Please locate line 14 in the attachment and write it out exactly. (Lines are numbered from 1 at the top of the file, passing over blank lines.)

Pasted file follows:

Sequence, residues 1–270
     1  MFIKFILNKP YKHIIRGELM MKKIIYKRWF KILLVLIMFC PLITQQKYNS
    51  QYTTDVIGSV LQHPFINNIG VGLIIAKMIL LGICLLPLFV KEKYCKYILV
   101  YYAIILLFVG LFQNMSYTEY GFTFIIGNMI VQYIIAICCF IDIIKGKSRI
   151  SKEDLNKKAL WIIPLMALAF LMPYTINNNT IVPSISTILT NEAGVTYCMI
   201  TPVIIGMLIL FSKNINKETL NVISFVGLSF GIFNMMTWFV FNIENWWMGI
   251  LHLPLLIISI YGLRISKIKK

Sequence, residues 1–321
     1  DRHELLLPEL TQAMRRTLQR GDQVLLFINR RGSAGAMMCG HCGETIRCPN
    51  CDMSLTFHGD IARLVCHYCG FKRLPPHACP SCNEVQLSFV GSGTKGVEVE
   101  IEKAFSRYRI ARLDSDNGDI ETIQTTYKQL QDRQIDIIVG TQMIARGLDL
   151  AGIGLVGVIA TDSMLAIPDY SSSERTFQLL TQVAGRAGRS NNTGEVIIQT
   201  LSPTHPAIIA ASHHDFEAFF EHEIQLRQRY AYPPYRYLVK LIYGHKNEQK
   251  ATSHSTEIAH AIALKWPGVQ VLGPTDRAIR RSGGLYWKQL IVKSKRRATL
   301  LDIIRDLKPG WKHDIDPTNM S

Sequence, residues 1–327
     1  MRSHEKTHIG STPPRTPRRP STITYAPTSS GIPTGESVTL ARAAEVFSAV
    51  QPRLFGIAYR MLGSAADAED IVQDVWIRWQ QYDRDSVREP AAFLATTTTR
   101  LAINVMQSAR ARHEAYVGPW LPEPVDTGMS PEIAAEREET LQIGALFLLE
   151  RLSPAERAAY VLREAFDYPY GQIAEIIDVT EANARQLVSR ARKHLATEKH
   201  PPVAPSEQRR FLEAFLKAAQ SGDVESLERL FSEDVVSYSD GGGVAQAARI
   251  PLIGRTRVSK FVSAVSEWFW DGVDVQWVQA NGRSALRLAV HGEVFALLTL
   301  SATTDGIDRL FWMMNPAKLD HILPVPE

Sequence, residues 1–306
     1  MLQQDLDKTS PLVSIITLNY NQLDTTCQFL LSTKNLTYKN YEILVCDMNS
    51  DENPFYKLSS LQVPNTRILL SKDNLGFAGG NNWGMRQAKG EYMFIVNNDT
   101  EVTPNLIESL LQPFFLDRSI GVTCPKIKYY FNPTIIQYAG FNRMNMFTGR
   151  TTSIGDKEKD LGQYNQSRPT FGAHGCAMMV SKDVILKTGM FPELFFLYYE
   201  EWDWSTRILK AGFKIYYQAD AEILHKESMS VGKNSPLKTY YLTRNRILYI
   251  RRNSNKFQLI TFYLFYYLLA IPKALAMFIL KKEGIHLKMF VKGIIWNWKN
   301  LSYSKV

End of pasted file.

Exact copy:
   251  ATSHSTEIAH AIALKWPGVQ VLGPTDRAIR RSGGLYWKQL IVKSKRRATL